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Polk County eyes energy savings plan

By Brian Besch
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LIVINGSTON – Tuesday's meeting of the Polk County Commissioners Court heard a presentation from Way Companies and Polk Central Appraisal District.

The Way Companies informed the court of a program that could potentially save the county money on its energy. The company's objective is to fund infrastructure upgrades to create a positive cash flow so that money may be invested back into the county.

The count would spend no capital upfront and would pay the Way Company fees from the difference in energy savings.

The projects usually last around 10-15 years. A team of engineers, financial advisors and technical employees toured the county during a feasibility study, monitoring buildings and infrastructure.

The company is looking to go a step further, with what they call a "detailed audit," where they would confirm findings to this point and work with the county to find solutions.

The group would install LED lighting countywide, retrofit old air conditioners and install a computer control system in the jail. The latter of those would save water, maintenance and operational costs by giving corrections officers more control over the cells without having to be inside them.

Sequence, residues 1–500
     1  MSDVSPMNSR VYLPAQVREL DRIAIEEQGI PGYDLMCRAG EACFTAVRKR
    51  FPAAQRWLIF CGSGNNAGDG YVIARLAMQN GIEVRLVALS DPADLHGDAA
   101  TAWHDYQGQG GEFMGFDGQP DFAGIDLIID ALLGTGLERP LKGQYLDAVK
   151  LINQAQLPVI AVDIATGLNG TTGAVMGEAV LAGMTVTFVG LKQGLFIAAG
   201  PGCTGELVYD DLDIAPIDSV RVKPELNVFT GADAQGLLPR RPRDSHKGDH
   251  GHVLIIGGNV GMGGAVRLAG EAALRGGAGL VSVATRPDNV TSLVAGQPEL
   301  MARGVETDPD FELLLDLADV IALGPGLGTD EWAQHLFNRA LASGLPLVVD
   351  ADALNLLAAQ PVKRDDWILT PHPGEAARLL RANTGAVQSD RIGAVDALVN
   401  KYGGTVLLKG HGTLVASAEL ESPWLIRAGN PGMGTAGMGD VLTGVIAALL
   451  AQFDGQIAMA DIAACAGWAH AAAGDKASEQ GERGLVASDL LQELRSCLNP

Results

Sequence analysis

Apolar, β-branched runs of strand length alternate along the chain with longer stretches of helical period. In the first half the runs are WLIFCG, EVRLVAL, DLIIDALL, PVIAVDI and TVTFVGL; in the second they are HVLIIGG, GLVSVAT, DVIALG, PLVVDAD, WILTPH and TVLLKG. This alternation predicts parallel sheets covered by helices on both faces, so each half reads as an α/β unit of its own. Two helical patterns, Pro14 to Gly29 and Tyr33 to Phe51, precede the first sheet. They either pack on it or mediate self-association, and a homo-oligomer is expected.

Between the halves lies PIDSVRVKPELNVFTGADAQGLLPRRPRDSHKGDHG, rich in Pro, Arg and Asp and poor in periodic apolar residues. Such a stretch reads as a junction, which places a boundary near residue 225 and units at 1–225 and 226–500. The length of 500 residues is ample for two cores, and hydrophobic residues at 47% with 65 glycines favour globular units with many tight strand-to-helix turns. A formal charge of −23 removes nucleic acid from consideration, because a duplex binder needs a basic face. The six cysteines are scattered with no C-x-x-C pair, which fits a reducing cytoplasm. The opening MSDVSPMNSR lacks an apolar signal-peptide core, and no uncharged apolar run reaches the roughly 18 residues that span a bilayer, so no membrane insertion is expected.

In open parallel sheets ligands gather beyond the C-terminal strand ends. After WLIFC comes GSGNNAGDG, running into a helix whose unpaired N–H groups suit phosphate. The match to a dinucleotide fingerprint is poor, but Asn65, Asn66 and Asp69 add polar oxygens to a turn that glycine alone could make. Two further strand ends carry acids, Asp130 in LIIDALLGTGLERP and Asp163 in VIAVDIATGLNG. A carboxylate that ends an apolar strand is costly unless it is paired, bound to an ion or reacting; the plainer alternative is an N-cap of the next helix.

The annual savings for the county is expected to be around $234,000, something that is expected to increase three percent yearly as energy costs rise. The fees Way Companies would charge would total approximately $197,000 each year, creating a 15-year savings of nearly $1.4 million.

According to the State of Texas, the agreement would be a performance contract, which must be guaranteed by Way Companies and is audited every year. At the end of the year, if the savings do not match what the company says they are, the company must write a check to the county for the difference.

The program was established in the mid-1980s and has already been installed in Liberty County, where representatives have given positive reviews. If approved, the program could start by May of next year.
Pct. 4 Commissioner Tommy Overstreet made a motion to approve the program, but Pct. 1 Commissioner Bob Willis suggested it be tabled for research. The item will be revisited in two weeks.

The court heard a report from the Polk Central Appraisal District regarding the 2015 mineral valuations. Mineral investor contractors have made several miscues impacting the overall total amount reported.

One error is large, totaling $8 million in value, equating to around $50,000 in county tax money. The errors were said to be clerical data entry mistakes into the Polk CAD appraisal system. Other counties have also experienced errors.

The district is putting steps in place to prevent similar oversights from occurring. Contractors have completely revamped their quality control systems. The CAD will require any mineral contractor to have at least $1 million insurance in error and omission insurance. Every signed settlement and waiver will be sent to management for review.

Willis suggested that the Polk CAD "look long and hard before they renew that contract."

The county's yearly activity report revealed that a total of 124 positions within the county have been posted over the past year. The human resources department has processed 38 resignations, 17 retirements, seven dismissals and seven separations.